Now Naaman was commander of the army of the king of Aram. He was a great man in the sight of his master and highly regarded, because through him the LORD had given victory to Aram. He was a valiant soldier, but he had leprosy.
Now bands from Aram had gone out and had taken captive a young girl from Israel, and she served Naaman’s wife. She said to her mistress, “If only my master would see the prophet who is in Samaria! He would cure him of his leprosy.” 2 Kings 5:1-3
When we think of the story of Naaman, it’s often associated with him dipping into the Jordan seven times to be healed, but there’s much more to the story. We don’t often have a good idea of how people actually meet the person who solves their problem.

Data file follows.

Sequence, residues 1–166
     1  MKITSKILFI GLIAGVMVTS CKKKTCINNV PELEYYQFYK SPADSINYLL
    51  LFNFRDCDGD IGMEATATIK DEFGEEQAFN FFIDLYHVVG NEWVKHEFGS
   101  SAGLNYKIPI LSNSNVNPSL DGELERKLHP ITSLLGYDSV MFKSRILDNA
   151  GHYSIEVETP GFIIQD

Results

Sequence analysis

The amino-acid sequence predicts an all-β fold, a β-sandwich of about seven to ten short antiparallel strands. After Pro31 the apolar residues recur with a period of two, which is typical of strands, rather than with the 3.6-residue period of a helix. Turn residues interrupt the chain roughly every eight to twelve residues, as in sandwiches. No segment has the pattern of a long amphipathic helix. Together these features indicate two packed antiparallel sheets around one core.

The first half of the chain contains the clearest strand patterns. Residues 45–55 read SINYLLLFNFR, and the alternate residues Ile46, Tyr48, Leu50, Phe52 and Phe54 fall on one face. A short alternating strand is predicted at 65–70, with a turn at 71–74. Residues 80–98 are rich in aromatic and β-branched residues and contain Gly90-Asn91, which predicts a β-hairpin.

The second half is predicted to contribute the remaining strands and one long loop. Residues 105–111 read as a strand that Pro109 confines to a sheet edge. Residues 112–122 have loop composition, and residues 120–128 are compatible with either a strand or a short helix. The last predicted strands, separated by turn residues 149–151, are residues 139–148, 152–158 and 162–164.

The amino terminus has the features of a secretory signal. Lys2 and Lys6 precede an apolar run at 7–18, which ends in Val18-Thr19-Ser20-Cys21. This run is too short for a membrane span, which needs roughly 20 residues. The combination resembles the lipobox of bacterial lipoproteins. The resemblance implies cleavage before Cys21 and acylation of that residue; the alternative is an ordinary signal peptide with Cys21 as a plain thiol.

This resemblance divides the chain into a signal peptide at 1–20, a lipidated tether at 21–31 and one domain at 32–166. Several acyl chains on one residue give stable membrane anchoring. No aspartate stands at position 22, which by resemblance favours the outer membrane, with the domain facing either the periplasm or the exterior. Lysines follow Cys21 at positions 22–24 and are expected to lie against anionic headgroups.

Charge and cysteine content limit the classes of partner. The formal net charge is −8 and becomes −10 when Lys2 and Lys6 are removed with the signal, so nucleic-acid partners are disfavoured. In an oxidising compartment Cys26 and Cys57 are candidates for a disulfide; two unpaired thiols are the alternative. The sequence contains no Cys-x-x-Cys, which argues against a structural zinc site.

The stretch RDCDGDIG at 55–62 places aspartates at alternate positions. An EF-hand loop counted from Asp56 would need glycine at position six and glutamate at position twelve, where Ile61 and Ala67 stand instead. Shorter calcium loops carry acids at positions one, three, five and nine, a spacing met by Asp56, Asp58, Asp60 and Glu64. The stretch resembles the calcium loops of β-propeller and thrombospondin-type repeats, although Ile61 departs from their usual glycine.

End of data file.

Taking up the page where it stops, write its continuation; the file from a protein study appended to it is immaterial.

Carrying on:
In this story we have the King of Aram, Naaman the army commander, his wife, his wife’s servant (a captive from Israel), and eventually the prophet Elisha. The servant girl learns about Naaman’s condition and tells her mistress (Naaman’s wife) about Elisha. You have to give this gal a lot of credit to speak up like she did. Servant girls did not get a chance to do this often, I would think. They weren’t thinking, feeling individuals. They were servants. Obviously Naaman’s wife took notice and informed her husband.
We don’t know the servant girl’s name but her legacy lives on. There’s power in leading a humble, quiet life. You don’t get to be heard often, but when you do, it can be life changing.
God’s kingdom is big enough for the boisterous (who often try to change the shy)…and the quieter ones. And pretty much everyone in between.